Japanese Art

Japanese Art

Nonni suggested we try out the Freer and Sackler Galleries in the city to add another aspect to our Japanese experience. They both have extensive Asian art exhibits, and they are very easy to get to from the Metro, so it was an easy decision.

We took our lunch, wandered at will through the galleries, one fun part being the underground tunnel which connects the two galleries, so we wandered under the ground, then made our way back home. We got stuck in a little traffic, but eventually made it home to pick up Cousin O for a little play time in the afternoon.

The weapons were of much interest to all, especially one young Ninja In Training.
The amount of intricacy and beauty in some of the artifacts was amazing.
A big bowl.
An amazing pair.
As is often the case, Monkey wanted time to read and absorb the information.

When we arrived at the museum, the docent we spoke with said she “was sure the children will love The Peacock Room.” So, after we had our lunch in the lovely courtyard with the lyrical pineapple fountain sounds playing in the background, we headed to The Peacock Room.

Here’s the description from the Smithsonian website:

The Peacock Room, originally designed by architect Thomas Jeckyll, was once the dining room in the London home of Frederick R. Leyland, a wealthy shipowner from Liverpool, England. Although the architect merely asked for advice about what color to paint the shutters and doors, James McNeill Whistler (1834-1903) took over and eventually transformed the entire room. Between 1876 and 1877, he enhanced the room with golden peacocks, painting every inch of the ceiling and walls to create an elegant setting in which Leyland could display his blue-and-white porcelain as well as Whistler’s painting The Princess from the Land of Porcelain. Purchased by Charles Lang Freer (1854-1919) in 1904 and installed in the Freer Gallery of Art after his death, the Peacock Room is on permanent display.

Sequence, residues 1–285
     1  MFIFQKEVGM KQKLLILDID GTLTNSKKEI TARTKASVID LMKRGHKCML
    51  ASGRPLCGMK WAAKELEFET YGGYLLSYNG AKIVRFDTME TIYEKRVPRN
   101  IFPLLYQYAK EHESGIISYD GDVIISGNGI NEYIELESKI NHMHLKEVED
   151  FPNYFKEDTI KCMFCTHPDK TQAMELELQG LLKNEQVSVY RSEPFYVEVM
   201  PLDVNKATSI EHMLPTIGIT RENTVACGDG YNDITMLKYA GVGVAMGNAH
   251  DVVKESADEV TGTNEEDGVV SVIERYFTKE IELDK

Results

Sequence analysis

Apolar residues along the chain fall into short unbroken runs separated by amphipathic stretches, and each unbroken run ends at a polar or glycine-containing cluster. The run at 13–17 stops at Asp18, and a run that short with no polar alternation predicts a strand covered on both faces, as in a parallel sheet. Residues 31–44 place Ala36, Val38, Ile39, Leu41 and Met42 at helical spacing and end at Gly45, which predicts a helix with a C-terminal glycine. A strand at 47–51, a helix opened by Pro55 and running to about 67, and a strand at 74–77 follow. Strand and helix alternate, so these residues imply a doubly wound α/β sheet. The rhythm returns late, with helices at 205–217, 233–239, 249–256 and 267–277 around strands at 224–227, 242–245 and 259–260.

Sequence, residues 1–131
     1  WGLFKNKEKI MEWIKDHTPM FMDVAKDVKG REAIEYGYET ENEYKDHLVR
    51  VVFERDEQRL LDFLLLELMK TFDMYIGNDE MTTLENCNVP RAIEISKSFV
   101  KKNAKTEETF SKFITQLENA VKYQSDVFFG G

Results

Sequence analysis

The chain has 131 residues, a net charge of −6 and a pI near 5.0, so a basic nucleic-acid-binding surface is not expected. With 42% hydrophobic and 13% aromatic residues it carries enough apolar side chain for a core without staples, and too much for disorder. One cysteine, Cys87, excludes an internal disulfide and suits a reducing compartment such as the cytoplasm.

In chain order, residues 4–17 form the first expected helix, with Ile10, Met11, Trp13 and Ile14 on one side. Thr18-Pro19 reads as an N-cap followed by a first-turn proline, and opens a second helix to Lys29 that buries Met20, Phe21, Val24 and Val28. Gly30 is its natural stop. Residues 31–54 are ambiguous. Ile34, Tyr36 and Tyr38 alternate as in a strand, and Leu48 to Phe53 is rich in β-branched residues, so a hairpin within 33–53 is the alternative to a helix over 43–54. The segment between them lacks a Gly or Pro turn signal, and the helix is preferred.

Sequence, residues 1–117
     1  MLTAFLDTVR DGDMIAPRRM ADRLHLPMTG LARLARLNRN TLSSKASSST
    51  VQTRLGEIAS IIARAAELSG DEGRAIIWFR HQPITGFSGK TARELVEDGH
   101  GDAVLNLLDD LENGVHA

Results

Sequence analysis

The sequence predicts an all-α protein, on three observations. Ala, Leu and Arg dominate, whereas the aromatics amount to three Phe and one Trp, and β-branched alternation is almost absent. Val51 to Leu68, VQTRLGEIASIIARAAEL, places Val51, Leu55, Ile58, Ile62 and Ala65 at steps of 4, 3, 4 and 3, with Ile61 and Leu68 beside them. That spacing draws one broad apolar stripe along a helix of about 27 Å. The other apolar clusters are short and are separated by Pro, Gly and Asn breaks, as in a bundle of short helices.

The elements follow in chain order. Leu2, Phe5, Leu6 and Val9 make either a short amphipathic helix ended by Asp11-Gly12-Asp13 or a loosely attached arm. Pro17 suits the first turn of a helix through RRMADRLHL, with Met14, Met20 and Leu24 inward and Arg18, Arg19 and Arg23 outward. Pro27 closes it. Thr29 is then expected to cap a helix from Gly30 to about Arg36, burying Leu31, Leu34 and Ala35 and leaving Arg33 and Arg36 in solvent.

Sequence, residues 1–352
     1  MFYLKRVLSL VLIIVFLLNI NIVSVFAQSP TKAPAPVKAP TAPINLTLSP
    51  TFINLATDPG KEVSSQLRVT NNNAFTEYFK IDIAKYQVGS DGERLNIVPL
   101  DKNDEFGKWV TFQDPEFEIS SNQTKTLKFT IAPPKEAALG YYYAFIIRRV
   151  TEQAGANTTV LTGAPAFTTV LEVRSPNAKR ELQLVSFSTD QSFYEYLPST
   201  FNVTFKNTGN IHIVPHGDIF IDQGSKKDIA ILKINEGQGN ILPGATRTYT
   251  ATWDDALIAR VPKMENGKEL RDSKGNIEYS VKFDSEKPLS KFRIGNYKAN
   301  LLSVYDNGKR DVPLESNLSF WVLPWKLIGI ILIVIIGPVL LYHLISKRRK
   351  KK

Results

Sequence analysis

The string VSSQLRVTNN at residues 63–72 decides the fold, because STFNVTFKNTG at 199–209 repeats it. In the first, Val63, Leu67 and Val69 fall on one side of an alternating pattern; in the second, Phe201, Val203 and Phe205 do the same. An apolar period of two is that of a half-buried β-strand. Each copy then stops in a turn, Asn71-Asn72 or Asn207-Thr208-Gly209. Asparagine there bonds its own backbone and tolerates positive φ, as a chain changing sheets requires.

Entering The Peacock Room.

It was a dark, tall room, and we were all a little in awe. We eventually agreed we wouldn’t want to actually eat dinner in The Peacock Room, but it was quite a room to see. I also informed The Little Mother that I would have to be wealthy enough to have someone else do the dusting of all the fine pottery for me.

Hence, probably no Peacock Room in my future.

I’m okay with that.

Examining the huge painting in the front of the room.
The Buster decides what he thinks of The Princess from the Land of Porcelain.

From here we took a spin on the elevator,

It was a really big elevator, it must be made for dancing!

and headed to the gift shop so Yessa could pick out her birthday gift from Nonni and Poppi.

It took a very long time, but finally the choices were made.

While Yessa and Nonni looked at options, The Buster and I discovered a hilarious book of Japanese inventions.

Unuseless Japanese Inventions-Even the name invites laughter.
It brought us much laughter.

From here we worked out way down to the basement to find the underground tunnel. The long chain monkey sculpture was part of this area.

The fountain at the bottom of the Barrel of Monkeys.

Fan, fountain, and fun.

Our gallery adventures ended with the unexpected and wonderful displays of Inuit art: Felt wall hangings and beautiful photographs. They were my favorite art of the day, and we almost didn’t see them.

It was a lovely day.